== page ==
Sep 13, 2011

an instrument.

Paganini, the great violinist, came out before his audience one day and made the discovery just as they ended her applause that there was something wrong with his violin. He looked at it a second and then saw that it was not his famous and valuable one.
He felt paralyzed for a moment, then turned to his audience and told them there had been some mistake and he did not have his own violin. He stepped back behind the curtain thinking it was still where he had left it, but discovered that some one had stolen his and left that old second-hand one in its place.
He remained at the back of the curtain for a moment, then came out before his audience and said: "Ladies and Gentlemen, I will show you that the music is not from the instrument, but in the soul." And he played as he had never played before; and out of that second-hand instrument the music poured forth until the audience was enraptured with enthusiasm and the applause almost lifted the ceiling and building, because the man had revealed to them that music was not in the machine, but in his own soul. [Streams in the Desert, 9/28]

I read this passage several days ago and it gave me goosebumps. What a violinist! But today while reading through the Set Apart Girl online magazine, I was reminded of this story for a different reason.

Leslie Ludy wrote a thought-provoking article about self-promotion and its ability to waste and steal your precious hours {Set-Apart Girl Online Magazine; pp 9-18}. It was a great reminder to lay aside desires of being noticed recognized or congratulated. Instead, an emphasis should be on giving all the glory, all the fame, all the recognition and notice to the only One who deserves it, Jesus Christ.

The Christian life can only be explained in terms of Jesus Christ, and if your life as a Christian can still be explained in terms of you -- ­ your personality, your willpower, your gift, your talent, your money, your courage, your scholarship, your dedication, your sacrifice, or your anything -- ­ then although you may have the Christian life, you are not yet living it! - Ian Thomas
"He [GOD] must increase and I must decrease" - John 3:30

 In the above passage about the reknown Paganini, it is doubtful that anyone else noticed that he was holding an old, second-hand violin. No one noticed the instrument because they were too busy noticing the master violinist passionately driving music out of that lowly instrument. It is highly doubtful that the violin got anything in return for being used by Paganini. No thank-you card, no gift card to a favorite restaurant, no trip to Hawaii. It merely did its job of being an instrument and yielding itself to the violinst; the violinist took care of the rest.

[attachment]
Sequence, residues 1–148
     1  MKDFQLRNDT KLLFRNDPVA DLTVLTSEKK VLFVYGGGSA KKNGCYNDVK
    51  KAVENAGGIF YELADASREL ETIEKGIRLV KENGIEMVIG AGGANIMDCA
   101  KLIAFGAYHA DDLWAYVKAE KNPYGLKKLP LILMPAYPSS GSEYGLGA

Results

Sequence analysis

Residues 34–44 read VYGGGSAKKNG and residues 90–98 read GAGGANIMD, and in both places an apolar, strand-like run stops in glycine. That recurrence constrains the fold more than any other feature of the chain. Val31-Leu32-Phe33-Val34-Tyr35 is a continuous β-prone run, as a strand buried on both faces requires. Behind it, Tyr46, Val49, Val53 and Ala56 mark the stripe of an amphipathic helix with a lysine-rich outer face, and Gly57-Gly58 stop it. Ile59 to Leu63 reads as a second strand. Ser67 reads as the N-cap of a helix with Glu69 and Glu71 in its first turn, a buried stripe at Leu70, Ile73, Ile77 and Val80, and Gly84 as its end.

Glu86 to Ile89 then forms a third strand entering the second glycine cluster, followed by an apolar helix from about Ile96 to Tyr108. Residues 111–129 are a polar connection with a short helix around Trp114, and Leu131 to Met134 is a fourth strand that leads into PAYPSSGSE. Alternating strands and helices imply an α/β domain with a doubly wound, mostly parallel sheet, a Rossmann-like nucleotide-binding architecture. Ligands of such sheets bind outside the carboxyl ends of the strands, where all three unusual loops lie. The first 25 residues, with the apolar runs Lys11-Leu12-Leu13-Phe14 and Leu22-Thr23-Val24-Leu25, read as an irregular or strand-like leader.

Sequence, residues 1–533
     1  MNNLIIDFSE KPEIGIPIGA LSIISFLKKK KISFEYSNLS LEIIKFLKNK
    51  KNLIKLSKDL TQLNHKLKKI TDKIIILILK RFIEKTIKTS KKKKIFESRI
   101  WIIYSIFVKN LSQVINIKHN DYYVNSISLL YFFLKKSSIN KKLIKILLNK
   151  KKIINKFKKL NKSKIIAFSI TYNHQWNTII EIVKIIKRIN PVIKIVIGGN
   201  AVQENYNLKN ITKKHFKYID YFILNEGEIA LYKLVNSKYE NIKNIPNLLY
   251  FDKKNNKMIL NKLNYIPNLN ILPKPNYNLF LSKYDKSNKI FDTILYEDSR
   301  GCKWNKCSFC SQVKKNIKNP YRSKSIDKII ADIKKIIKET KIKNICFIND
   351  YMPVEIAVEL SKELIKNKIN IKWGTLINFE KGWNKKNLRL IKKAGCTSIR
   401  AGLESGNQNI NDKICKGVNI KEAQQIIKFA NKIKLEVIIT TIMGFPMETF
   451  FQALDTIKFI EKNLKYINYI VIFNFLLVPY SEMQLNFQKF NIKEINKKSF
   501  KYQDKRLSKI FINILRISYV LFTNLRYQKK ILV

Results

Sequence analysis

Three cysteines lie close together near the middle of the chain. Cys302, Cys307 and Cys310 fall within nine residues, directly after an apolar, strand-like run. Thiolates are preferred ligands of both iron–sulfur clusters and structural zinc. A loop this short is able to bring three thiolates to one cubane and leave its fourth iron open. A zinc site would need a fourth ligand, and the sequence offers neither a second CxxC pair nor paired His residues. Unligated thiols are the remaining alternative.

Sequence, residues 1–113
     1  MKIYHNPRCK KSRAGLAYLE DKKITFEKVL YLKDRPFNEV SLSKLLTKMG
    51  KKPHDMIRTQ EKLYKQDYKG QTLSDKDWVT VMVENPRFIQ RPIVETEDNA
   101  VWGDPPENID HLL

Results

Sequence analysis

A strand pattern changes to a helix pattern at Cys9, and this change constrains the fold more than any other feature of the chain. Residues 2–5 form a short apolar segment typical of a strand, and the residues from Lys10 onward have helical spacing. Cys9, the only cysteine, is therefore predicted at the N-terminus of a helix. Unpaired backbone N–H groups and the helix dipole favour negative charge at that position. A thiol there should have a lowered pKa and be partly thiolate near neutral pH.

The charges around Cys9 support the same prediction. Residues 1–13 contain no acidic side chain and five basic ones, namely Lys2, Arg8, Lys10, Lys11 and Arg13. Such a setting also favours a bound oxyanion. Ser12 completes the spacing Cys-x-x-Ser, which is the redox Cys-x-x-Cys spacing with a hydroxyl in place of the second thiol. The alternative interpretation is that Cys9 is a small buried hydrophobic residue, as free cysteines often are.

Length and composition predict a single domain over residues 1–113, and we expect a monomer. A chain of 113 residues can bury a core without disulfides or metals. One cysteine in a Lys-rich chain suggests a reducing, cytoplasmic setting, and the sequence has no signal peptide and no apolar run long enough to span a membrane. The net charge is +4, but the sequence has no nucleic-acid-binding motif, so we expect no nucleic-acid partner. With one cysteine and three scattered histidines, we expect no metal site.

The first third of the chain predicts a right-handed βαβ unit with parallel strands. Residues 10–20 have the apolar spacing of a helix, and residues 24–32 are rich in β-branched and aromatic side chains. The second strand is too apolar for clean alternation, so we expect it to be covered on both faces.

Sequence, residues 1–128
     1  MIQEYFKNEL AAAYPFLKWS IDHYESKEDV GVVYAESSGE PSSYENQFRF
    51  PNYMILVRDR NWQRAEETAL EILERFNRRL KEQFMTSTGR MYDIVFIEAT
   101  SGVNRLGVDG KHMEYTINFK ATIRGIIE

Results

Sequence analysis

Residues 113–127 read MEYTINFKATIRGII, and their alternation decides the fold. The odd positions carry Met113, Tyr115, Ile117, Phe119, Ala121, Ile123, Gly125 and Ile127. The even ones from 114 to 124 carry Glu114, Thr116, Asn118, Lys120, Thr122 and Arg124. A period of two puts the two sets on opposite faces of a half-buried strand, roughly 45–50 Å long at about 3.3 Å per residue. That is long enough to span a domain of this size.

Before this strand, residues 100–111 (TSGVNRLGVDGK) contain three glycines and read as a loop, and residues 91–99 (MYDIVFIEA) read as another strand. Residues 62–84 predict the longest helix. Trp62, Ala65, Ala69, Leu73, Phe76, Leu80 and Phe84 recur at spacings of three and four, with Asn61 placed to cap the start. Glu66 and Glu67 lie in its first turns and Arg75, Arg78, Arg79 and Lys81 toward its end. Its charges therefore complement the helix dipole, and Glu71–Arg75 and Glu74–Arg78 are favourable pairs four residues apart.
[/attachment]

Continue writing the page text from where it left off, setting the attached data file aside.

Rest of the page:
May I be a mere instrument in the hands of my God -- even if it means going unnoticed, thanked, or recognized -- so that my God can get all the glory and honor. No one praises the violin, but they praise great musician who used that otherwise unknown instrument. May those who see me doing anything praiseworthy give all the praise to my Master Musician, who composes beautiful music in the keys of grace, mercy, and Truth.  May I live for the applause of heaven alone.

Moses, Deborah, Hannah, David ... All had songs that were recorded in the Old Testament that brought praise to this Master Musician. Their songs did not consist of self-promoted lines about their own abilities, dreams, and personalities. Instead, about the goodness, justice, providence, and love of their God.

Moses sang in Deut. 32 that God is the Rock, perfect, and all His ways are just [v.3]. Of all the people in the Bible, I think Moses would have been entitled to writing a little song about himself. After forty years of faithfully leading hundreds of thousands of wayward, complaining, forgetful Israelites towards the Promised Land, he could have penned a hit single about his achievements. But no. Instead, he allowed himself to be an instrument that was constantly used to proclaim the greatness of God. Now, that's a true leader!

David's songs are also testament to the deliverance, protection, and goodness of God. King David had every reason to want to sit down and write about his accomplishments, for he certainly had many. He could have sang angst-ridden, woe-is-me- songs of being chased by Saul that would have made everyone pity him. Yet, he chose to use all of his songs to bring fame to God and lead that same wayward, complaining, forgetful nation into truly worshipping the Lord.

The prayer of St. Francis sums it all up beautifully:
Lord, make me an instrument of your peace.
Where there is hatred, let me sow love.
Where there is injury, pardon.
Where there is doubt, faith.
Where there is despair, hope.
Where there is darkness, light.
Where there is sadness, joy.
O Divine Master,
grant that I may not so much seek to be consoled, as to console;
to be understood, as to understand;
to be loved, as to love.
For it is in giving that we receive.
It is in pardoning that we are pardoned,
and it is in dying that we are born to Eternal Life.

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Elle Alice